External Hard Disk Drive Headaches:
External HDDs fail for a variety of reasons just like their installed counterparts. One of the first signs that your external hard drive is failing is sound that it may make. It may sound like an intermittent click but will intensify as the problem worsens. This sound is often likened to metal grinding against metal and can indicate that the read/write heads have been thrown off their axis and have spun out of control. Not only is considerable damage caused to the hardware but it can also cause serious damage to the data. Upon hearing either of these sounds either in their intermittent or continual states you should power down the device and seek professional assistance. We at Cambridge data recovery have 15 years’ worth of experience when it comes to external hard drive failings.
External Hard Drive Mechanics in Disarray:
You might not think when looking at a hard drive that there is much happening at all but the internal machinations of a hard drive move so quickly that it is sometimes almost impossible for the naked eye to see. The average hard drive spins at around 7200RPM so in the space of a year if you use your computer with external hard drive attached it would spin almost 15 million times. Bearing this in mind it is easy to comprehend why a heavy workload might cause the moving components to fail.
External Hard Drive Problems Caused By Power Surge or Outage:
We take for granted the fact that electricity powers our computers and our external hard drives but we tend to forget that the same electricity that makes them work can also bring them to a stand still if too much electricity is introduced into the system. To this end we are often approached by clients new and old to help recover the data from external hard drives that have been rendered useless by a sudden power surge. We recommend to our clients that they utilise a power surge protection unit which will greatly reduce the risk of a surge destroying the circuitry on an external hard drive.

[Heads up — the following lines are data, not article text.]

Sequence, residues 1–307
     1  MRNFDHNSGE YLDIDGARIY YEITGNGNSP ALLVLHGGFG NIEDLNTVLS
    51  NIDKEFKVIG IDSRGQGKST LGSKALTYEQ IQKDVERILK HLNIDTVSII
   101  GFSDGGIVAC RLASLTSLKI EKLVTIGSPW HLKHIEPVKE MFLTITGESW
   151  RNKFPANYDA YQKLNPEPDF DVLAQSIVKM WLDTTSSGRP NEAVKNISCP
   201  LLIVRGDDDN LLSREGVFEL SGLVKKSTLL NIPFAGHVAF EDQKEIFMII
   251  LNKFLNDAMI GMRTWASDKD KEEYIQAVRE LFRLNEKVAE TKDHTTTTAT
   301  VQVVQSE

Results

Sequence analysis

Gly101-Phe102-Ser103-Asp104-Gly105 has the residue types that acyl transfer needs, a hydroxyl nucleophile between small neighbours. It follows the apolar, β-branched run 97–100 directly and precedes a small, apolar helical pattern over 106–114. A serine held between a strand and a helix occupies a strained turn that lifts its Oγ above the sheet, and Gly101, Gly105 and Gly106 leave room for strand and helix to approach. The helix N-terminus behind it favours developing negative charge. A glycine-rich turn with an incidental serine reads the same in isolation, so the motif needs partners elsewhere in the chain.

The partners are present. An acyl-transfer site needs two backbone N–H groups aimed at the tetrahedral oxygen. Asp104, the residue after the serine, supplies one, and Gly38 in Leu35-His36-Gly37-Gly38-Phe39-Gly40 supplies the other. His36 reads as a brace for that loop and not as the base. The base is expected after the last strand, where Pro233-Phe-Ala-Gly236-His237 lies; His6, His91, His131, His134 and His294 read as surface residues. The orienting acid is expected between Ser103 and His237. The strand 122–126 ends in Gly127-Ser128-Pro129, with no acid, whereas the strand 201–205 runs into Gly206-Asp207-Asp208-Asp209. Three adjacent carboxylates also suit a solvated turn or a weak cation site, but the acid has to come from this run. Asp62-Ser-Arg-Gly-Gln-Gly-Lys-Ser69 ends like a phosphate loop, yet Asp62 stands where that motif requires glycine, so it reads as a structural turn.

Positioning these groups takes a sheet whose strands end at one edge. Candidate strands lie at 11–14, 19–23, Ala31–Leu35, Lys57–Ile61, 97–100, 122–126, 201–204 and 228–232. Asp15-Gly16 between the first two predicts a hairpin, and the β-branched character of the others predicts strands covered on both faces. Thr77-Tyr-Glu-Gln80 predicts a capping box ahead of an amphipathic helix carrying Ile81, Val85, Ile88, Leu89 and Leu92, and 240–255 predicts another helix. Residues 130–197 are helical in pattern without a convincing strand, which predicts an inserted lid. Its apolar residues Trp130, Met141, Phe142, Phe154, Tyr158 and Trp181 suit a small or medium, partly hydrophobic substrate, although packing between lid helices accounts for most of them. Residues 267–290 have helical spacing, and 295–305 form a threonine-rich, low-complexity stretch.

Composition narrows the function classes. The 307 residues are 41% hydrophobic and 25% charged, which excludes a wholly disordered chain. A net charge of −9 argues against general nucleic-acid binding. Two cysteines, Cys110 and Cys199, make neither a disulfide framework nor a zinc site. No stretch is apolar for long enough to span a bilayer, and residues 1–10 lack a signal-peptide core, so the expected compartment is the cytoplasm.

External Hard Drive Firmware Failure & Its Implications:
Firmware is a program used to determine how an external hard drive should operate. But more importantly how it should operate in conjunction with the computer to which it is attached. For a small program such as firmware it has a lot of work to do and carries a lot of weight on its shoulders and if the firmware fails or becomes corrupted – something that can happen if the onboard PCB is damaged – then the external hard drive may cease to function. We at Cambridge data recovery are often called upon by our clients to help recover data that has been left unreadable as a result of a firmware crash.
Operating System Refusing To Recognise a USB attached External Hard Drive:
Have you connected your external hard drive to your computer using the USB port only for it not to be recognised? Is it visible but no data is accessible? Has the computer rebooted when you plugged the USB device in? If any of these have occurred then there could well be an issue with your external hard drive and the result of which may be an inability to gain access to your files if you can see them at all. Operating systems can refuse to acknowledge the existence of USB connected hard drives if there has been a recent change to software or hardware and indeed if there has been a new addition to the hardware configuration. Whilst many would recommend carrying out a system restore this will deal with issues relating to the actual software and any software installations that took place; it will not show any errors to the physical sectors on the disk. With this in mind if your external hard drive has stopped working correctly and is causing the operating system to behave strangely, we recommend powering down the computer and disconnecting the external HDD.